Dynamic guitar duo: Separated at birth? 

In many of the raving concert reviews that critics have heaped on the Pearl-Gray Duo, a Baltimore-based classical guitar team, it's often noted how impeccably matched these two musicians are in performance.

Immaculately dressed in matching suits, Julian Gray and Ronald Pearl have mastered the art of team playing, projecting both the image and reality of perfect synchronicity.

Two musicians separated at birth? It's an impression backed up by a recent phone interview in which it was darn hard to tell the two voices apart. "We look alike too," quipped Julian (or was it Ron who said that?).

Both musicians sport trim beards, but claims that they look alike are a bit of an exaggeration. And musically, it would also be hyperbole to say that this duo has blended into some Zen-like oneness.

The duo works hard, in fact, to make sure they don't sound like some single-brained, 20-fingered monster playing 12-stringed guitar. "We definitely don't want to sound like four hands controlled by one giant head," said Ron (or at least I think it was Ron).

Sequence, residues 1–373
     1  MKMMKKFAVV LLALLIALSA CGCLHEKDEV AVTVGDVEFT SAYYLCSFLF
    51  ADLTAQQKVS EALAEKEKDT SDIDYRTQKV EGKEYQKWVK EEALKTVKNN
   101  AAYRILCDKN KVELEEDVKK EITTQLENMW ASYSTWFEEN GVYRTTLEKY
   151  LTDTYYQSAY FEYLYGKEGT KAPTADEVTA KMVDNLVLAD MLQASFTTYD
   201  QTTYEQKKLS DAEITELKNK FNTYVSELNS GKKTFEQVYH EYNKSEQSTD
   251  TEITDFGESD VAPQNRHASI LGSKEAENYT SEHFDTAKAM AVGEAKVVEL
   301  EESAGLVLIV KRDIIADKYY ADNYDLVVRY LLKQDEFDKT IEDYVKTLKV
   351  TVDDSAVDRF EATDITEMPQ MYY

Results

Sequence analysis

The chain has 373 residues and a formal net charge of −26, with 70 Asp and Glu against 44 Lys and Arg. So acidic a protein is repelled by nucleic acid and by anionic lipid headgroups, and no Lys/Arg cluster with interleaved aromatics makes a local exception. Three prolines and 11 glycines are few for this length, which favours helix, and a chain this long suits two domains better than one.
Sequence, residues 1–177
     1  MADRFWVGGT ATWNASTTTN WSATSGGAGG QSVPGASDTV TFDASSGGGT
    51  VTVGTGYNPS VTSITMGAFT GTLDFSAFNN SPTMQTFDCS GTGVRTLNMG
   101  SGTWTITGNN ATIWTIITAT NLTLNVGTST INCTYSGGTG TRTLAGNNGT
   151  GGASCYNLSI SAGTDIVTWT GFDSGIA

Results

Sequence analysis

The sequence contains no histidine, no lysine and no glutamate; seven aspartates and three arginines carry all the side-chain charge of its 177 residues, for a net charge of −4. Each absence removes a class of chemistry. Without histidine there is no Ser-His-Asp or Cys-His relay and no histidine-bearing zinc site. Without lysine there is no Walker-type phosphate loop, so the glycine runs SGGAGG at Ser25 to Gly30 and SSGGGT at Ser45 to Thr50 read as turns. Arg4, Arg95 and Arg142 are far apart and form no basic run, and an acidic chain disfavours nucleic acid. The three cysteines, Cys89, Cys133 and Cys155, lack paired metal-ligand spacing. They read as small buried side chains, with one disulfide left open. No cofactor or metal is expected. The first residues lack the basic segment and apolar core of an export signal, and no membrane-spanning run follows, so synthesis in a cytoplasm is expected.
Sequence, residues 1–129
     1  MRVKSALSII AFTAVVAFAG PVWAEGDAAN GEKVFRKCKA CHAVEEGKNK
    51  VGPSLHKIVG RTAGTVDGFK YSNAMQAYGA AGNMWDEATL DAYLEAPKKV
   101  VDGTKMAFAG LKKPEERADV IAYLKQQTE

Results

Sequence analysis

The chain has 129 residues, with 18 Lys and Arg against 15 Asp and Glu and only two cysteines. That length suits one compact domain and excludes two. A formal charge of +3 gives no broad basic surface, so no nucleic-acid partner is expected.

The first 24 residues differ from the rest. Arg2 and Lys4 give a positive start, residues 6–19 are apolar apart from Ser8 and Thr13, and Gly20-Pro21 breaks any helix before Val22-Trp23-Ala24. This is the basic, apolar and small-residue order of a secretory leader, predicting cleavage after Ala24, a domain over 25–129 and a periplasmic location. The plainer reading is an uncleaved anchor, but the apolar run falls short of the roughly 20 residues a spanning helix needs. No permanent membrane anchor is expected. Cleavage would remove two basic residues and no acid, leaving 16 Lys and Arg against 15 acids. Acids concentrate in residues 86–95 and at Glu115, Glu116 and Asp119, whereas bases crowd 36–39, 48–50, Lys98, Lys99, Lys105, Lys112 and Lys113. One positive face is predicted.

"We approach [our music] from a chamber perspective, in which every instrument blends, but retains its individual voice," he continued.

It's easy to hear this philosophy manifested on the duo's recent CDs, and it's easy to see that the two guitarists share a similar mission in promoting works of living composers. A case in point is the duo's latest CD, Homages and Evocation (Dorian Recordings, 1996), in which the dates listed next to the composers feature only birth years, not expiration dates.

This weekend's concert will feature not only the 19th century classicism of Fernando Sor, baroque inventions by Handel and Scarlatti, and the romanticism of Chopin and Debussy. The duo will also play pieces by two contemporary writers, Brazilian composer Celso Machado (b. 1953) and British composer Oliver Hunt (b. 1934).

Machado's three-part work is inspired by the arid northeastern part of his homeland, while Hunt's "Release" is a homage to the rhythmic clogging of Riverdance and other Celtic influences. I heartily recommend attending this weekend's concerts, not only for the live show, but as a chance to pick up Homages, which features several very interesting yet accessible works from otherwise underrepresented composers.


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